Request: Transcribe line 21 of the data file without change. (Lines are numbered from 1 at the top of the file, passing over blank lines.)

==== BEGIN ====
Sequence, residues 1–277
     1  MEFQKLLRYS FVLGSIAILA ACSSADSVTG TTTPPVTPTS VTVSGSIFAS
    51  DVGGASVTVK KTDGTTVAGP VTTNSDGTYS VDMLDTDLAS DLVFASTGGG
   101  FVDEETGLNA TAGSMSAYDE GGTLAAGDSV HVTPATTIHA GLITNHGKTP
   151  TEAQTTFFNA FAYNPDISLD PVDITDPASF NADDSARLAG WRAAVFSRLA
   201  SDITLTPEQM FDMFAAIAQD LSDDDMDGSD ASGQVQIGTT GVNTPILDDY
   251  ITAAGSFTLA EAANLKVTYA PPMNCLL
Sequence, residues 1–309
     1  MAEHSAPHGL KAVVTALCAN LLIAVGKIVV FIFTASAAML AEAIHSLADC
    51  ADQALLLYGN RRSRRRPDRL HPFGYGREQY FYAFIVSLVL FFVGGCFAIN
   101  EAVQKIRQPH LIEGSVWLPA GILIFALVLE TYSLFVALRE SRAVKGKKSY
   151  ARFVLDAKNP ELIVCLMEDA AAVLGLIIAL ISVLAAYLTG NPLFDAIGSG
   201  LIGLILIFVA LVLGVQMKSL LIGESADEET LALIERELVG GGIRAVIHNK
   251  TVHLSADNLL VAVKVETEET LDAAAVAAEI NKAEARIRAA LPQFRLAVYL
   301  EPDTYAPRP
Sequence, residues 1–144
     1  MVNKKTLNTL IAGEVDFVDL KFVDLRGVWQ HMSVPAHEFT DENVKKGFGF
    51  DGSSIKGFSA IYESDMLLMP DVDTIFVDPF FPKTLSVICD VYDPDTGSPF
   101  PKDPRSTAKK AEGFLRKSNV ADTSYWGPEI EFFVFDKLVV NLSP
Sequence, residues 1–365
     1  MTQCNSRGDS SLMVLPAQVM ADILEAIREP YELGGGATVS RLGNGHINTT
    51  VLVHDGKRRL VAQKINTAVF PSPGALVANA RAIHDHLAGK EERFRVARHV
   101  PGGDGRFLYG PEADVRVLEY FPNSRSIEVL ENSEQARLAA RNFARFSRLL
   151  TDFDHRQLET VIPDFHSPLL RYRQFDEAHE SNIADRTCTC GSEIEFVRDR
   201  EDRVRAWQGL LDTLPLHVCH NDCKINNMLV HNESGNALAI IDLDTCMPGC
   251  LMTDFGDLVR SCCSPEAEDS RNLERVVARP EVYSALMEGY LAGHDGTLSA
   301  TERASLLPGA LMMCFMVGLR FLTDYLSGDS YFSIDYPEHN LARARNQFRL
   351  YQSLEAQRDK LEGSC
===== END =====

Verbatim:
     1  MTQCNSRGDS SLMVLPAQVM ADILEAIREP YELGGGATVS RLGNGHINTT